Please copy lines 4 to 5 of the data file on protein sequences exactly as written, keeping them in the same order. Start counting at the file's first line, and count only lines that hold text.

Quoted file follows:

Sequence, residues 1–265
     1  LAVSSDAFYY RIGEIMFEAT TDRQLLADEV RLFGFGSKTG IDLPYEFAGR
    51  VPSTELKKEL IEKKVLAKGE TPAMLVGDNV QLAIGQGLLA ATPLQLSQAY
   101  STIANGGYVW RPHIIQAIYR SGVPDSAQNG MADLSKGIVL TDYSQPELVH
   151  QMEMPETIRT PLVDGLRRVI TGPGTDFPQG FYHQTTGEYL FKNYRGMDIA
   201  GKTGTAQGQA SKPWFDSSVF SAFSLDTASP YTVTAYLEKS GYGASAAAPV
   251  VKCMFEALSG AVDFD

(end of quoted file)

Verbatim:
   101  STIANGGYVW RPHIIQAIYR SGVPDSAQNG MADLSKGIVL TDYSQPELVH
   151  QMEMPETIRT PLVDGLRRVI TGPGTDFPQG FYHQTTGEYL FKNYRGMDIA